Ermgassen & Co Ltd v Sixcap Financials Pte Ltd  SGHCR 8
Significance: Singapore High Court lays down law and guidance on applications to recognise or enforce foreign judgments under the Choice of Court Agreements Act.
The Hague Convention on Choice of Courts Agreements 2005 was ratified by Singapore on 2 June 2016 and given domestic effect in Singapore on 1 October 2016 through the Choice of Court Agreements Act (‘the Act’) together with the new O 111 of the Rules of Court (‘ROC’).
On 31 May 2018, Ermgassen & Co Limited (‘the Plaintiff’), a company registered in the UK, filed an ex parte Originating Summons in the High Court of Singapore pursuant to O 111 r 2 of the Rules of Court read with section 13 of the Act.
The Plaintiff was seeking recognition and enforcement of a summary judgment made by the High Court of Justice of England and Wales against a Singapore registered company known as Sixcap Financials Pte Ltd (‘the Defendant’) for an amount of over a million.
The HC provided a comprehensive canvass of the framework for the determination of whether a foreign judgment was to be recognised in the Singapore courts.
A. Does the foreign summary judgment fall within the scope of the Act?
1. The Act applies only to foreign judgments obtained from the courts of Contracting States of the Hague Convention (‘Contracting States’). Defined under section 2(1) of the Act to mean ‘a State that is a party to the Convention’, and ‘includes, in any appropriate case … a Regional Economic Integration Organisation that is a party to, and has made a declaration under Article 30(1) of, the Convention’.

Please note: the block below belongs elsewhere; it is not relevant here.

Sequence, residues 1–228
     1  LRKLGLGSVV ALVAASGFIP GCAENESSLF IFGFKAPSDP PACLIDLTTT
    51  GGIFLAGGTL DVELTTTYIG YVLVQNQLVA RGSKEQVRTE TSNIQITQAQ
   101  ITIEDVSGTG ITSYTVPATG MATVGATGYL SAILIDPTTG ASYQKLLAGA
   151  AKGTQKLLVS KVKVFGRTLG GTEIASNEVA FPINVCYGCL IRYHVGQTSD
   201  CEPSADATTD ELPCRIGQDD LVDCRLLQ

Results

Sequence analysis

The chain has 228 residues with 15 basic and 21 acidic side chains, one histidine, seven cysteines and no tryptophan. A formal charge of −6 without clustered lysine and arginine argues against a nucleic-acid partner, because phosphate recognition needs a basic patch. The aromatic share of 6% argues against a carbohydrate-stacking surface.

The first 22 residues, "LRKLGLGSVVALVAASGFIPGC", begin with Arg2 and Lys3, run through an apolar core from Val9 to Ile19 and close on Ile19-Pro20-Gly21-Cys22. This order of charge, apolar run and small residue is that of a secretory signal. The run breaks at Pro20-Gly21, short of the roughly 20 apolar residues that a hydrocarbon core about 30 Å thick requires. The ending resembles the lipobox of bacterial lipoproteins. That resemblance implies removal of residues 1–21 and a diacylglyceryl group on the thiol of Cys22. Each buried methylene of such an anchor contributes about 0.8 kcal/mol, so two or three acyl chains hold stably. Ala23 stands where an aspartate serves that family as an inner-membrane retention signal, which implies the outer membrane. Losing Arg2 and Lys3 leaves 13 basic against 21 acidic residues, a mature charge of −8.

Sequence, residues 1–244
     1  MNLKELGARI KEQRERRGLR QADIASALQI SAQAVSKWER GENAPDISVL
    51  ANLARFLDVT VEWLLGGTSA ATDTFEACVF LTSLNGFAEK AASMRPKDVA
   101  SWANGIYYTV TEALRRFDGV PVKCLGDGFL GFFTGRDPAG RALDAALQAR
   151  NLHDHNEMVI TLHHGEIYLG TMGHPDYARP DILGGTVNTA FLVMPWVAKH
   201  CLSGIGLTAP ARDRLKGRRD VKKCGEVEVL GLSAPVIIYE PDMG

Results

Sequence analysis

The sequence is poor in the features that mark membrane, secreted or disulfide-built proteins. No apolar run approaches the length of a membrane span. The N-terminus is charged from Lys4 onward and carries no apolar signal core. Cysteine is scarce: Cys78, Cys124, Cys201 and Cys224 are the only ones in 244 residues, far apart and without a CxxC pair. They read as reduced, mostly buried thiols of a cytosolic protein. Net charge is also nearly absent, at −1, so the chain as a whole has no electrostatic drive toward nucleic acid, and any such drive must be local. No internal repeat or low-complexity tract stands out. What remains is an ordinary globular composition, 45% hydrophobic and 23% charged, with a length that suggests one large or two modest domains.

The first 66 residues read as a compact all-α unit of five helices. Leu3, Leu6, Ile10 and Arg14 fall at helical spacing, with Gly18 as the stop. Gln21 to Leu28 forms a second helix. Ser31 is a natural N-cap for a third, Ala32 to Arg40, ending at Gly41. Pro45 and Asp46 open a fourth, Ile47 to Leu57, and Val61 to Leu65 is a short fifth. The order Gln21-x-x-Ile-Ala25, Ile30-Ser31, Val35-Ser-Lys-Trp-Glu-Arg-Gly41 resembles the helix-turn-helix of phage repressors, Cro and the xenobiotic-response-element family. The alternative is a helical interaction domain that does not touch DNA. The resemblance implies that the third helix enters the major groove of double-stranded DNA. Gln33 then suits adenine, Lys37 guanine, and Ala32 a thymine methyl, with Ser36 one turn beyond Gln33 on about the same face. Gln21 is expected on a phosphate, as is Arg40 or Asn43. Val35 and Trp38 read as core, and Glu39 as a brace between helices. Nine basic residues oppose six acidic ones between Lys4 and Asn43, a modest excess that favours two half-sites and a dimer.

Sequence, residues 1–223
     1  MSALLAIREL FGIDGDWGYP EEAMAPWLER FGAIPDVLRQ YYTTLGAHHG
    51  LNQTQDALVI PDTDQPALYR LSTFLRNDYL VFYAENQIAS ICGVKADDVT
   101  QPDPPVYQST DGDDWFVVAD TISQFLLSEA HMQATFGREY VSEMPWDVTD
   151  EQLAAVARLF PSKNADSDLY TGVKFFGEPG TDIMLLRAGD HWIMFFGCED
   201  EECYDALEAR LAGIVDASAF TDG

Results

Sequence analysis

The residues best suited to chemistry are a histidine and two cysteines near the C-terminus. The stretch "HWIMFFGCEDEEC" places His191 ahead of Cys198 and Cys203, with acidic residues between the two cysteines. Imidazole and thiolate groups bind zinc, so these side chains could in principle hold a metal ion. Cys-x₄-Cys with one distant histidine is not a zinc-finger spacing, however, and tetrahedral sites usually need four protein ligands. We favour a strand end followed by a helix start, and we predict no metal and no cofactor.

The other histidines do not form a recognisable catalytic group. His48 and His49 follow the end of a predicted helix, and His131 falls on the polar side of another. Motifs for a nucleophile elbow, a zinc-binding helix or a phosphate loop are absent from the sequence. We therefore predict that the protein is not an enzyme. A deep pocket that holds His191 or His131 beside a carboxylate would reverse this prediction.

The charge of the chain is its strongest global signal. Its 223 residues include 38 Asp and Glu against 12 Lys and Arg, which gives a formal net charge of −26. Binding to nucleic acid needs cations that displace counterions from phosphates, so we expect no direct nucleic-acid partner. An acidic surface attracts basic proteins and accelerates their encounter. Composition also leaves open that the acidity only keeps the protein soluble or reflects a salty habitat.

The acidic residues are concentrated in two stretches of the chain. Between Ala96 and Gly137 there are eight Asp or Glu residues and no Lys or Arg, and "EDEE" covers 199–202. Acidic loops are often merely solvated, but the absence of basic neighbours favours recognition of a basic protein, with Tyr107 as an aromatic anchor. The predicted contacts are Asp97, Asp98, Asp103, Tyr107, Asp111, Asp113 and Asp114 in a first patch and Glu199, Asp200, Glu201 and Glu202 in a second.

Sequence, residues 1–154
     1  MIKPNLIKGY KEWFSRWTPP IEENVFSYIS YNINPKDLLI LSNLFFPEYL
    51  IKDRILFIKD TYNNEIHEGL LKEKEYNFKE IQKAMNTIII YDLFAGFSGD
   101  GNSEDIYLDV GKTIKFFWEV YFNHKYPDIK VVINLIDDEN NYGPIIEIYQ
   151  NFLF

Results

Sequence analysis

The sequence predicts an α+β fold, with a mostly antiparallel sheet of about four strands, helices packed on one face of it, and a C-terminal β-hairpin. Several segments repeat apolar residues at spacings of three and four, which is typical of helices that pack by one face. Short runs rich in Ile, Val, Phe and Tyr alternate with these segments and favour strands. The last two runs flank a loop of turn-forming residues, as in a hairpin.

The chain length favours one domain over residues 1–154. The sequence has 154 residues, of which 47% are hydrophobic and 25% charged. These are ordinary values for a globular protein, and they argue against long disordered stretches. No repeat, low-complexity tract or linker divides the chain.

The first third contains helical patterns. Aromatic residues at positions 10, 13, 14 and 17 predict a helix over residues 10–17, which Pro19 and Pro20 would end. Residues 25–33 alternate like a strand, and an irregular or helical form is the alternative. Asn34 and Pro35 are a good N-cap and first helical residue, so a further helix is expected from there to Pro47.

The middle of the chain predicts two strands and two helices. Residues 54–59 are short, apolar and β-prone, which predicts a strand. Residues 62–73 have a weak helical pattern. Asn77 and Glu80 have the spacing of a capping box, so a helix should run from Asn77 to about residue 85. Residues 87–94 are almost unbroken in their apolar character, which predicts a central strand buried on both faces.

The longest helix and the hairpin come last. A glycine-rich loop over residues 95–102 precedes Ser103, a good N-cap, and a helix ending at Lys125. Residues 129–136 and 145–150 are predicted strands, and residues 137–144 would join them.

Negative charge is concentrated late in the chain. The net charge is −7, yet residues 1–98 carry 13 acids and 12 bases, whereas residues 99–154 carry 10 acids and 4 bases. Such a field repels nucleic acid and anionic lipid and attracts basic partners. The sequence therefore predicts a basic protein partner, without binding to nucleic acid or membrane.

2. S 8 of the Act provides that the Act applies in every ‘international case’ where there is an ‘exclusive choice of court agreement’ concluded in a ‘civil or commercial matter’, subject to certain exceptions stipulated in s 9, 10 and 22. Section 10(1) of the Act, for instance, expressly excludes the applicability of the Act to any interim measure of protection.
a. S 4 of the Act defines ‘international case’ to include a matter which deals with the claim for the recognition, or recognition & enforcement of a foreign judgment.
b. S 3 of the Act provides that an ‘exclusive choice of court agreement’ is an agreement between 2 or more parties that is in writing; or usable for subsequent reference. The court agreement has to designate a court in the Contracting State to the exclusion of the jurisdiction of any other court for the purposes of deciding a legal dispute.
c. The criteria of ‘civil or commercial matter’ simply means that matters concerning public law and criminal law are not within the purview of the Act.
B. Does the foreign summary judgment have sufficient merit to be enforceable under the Act?
Part 3 of the Act (‘Part 3’) sets out the provisions relating to the recognition and enforcement of foreign judgments. S 13(2) of the act provides conditions under which a foreign judgment is to be recognised and/or enforced in Singapore. s 13 (2) A foreign judgment — (a) is to be recognised only if the judgment has effect in the State of origin; and (b) is to be enforced only if the judgment is enforceable in the State of origin.